The opening narrative edits quickly to a lynched Shadow hanging from Yggdrasil before he is cut down by a mysterious power. Shadow is understandably infuriated and horrified, but he barely has a decent chance at trying to recover from that death experience before he’s visited by what he assumes is the ghost of his wife, Laura. He feels that he’s losing it, but that sense of a probable, impending madness seems to be most palpable when he is in the supermarket buying gifts with Mr. Wednesday and he’s visited by one of the new Gods: Media (a sharp Gillian Anderson, The X-Files) Media makes it known that she is the one to whom the mortals now sacrifice to. It does not matter whom they’re sitting next to, what they ought to be doing otherwise, they need her presence. The devices through which she can be worshipped keep on becoming smaller, but the quantity increases, the desire increases, and Media continues to become more popular. That experience unlocks something in Shadow’s mind, a sharp belief that he may be losing it, but that there was something else in existence that he couldn’t deny as it was bearing down upon him with such a relentless intensity.
“The Secret Of Spoons” refers to the lamentation of a god named Czernobog, the Black God from Slavic mythology (Peter Stormare, John Wick: Chapter 2). The loudmouthed Czernobog lives with the Zorya sisters, whom in Slavic mythology are guardian goddesses who guard over and watch the skies. Sharp-tongued Zorya Vechernyaya (Cloris Leachman, Mary Tyler Moore) and tight-lipped Zorya Uttrenyaya (Martha Kelly, Baskets). Czernobog describes that the immigrant experience was not that much more different for him than it was for Shadow, that he was considered to be dark where he came from. In Slavic mythology, that might be true, but Shadow’s expression brings forth the episode’s thematic construction about race and the interactions only go downwards from there. Czernobog may be convinced that he’s as dark, but the aforementioned lamentation that gets to what he is truly concerned with. “The Secret of Spoons” is the lamentation of a man who ran the guillotine and became obsessed with the instantaneous death his phallic hammer would bring down upon the heads of unsuspecting prey. He sees a mortal amongst them, a black mortal man specifically and that desire to bring back the power of instantaneous death arrives once more. An adrift Shadow takes the bet of death, his loss reverberating quietly throughout the scene. His loss was a shame, Czernobog noted wryly. Shadow, after all, was his only black friend.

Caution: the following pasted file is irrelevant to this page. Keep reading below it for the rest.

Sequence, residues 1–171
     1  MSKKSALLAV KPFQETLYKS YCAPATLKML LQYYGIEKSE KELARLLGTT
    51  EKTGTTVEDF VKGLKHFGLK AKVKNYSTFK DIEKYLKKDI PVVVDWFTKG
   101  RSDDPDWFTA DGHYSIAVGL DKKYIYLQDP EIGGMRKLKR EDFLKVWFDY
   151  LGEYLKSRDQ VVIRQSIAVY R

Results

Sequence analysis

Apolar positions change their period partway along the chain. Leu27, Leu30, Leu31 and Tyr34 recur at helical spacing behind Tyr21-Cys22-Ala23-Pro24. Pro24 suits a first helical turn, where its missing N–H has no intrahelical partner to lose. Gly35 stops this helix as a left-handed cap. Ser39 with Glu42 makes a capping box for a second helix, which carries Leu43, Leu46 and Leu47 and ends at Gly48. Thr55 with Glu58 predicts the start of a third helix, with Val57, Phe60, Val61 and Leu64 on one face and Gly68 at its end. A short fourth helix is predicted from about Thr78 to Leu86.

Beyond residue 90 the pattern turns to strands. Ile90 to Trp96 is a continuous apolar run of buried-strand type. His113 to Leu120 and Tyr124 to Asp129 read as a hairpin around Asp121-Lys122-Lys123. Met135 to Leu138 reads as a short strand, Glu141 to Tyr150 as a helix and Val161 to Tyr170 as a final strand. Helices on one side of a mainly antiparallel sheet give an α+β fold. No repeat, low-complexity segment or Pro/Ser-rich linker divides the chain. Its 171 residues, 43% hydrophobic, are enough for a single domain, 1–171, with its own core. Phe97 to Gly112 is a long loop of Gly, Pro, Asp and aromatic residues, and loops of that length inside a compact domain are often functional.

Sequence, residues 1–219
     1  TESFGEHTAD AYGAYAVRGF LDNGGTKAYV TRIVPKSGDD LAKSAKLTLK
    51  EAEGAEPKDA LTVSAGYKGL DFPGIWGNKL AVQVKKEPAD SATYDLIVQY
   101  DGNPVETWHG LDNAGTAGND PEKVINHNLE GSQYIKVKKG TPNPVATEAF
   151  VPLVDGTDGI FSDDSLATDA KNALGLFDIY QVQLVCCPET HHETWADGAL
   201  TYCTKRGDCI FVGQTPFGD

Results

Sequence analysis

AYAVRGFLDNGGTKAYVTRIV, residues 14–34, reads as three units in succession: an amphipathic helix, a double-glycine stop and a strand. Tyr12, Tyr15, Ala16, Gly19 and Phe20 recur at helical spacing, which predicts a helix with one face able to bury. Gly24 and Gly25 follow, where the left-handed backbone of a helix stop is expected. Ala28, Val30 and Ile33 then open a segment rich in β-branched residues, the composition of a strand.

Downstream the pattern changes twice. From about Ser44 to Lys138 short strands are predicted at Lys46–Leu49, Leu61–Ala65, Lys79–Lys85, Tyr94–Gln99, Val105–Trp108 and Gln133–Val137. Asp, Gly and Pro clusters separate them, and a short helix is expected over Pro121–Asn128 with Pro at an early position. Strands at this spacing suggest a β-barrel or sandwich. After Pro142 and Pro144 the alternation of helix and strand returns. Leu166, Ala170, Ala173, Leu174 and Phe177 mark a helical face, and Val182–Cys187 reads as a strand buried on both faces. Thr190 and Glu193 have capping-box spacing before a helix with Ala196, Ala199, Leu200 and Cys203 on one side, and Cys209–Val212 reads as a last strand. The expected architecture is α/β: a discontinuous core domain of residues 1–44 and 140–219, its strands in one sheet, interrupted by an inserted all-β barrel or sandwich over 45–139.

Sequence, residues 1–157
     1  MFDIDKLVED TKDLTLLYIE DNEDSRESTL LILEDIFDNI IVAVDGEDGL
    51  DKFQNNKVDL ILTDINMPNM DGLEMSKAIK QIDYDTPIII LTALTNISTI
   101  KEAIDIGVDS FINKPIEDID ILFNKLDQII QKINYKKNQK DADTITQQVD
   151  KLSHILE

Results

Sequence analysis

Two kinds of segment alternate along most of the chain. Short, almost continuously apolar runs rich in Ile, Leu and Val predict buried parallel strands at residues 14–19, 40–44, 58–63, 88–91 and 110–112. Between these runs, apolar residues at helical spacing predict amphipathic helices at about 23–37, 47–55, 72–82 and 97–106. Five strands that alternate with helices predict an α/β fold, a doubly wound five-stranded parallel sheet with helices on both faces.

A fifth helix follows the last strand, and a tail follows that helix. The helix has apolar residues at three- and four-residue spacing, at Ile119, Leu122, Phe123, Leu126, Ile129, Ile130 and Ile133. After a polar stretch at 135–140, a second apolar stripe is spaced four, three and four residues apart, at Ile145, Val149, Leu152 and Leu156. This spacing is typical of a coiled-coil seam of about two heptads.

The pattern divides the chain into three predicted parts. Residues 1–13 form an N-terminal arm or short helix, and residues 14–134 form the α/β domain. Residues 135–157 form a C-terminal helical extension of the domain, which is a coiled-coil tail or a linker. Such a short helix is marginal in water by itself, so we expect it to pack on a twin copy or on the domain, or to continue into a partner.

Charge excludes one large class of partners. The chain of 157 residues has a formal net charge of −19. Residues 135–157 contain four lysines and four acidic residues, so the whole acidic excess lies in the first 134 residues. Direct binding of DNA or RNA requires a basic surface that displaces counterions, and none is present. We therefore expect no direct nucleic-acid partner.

+“You arrive in America, land of opportunity, milk and honey, and guess what? You all get to be slaves. Split up, sold off and worked to death.”
+“The only good news is the tobacco your grandkids are going to farm for free is going to give a shit load of these white motherf***ers cancer.”
+“Angry is good. Angry gets shit done.”
+“Slit the throats of every last one of these Dutch motherf***ers and set fire to this ship. Let it burn. Let the motherf***er burn!”
+“No. No cops.” Ricky Whittle delivered the underlying ferventness of that piece perfectly
+“There’s a lot to be said for bottling up emotions.”
+“No chance for serendipitous lovely.”
+“Always better dead than forgotten.”
+“The truth is not what people want to hear.”
+“There’s only us, and serving is beneath me.”
+“You don’t die of cancer.”
+“I’m tired of glorious.”
+There are some truly gorgeous shots of Chicago.
Episode Title: The Secret Of Spoons
Teleplay by: Michael Green & Bryan Fuller
Directed by: David Slade
Image Courtesy: Collider
Source: Radio Times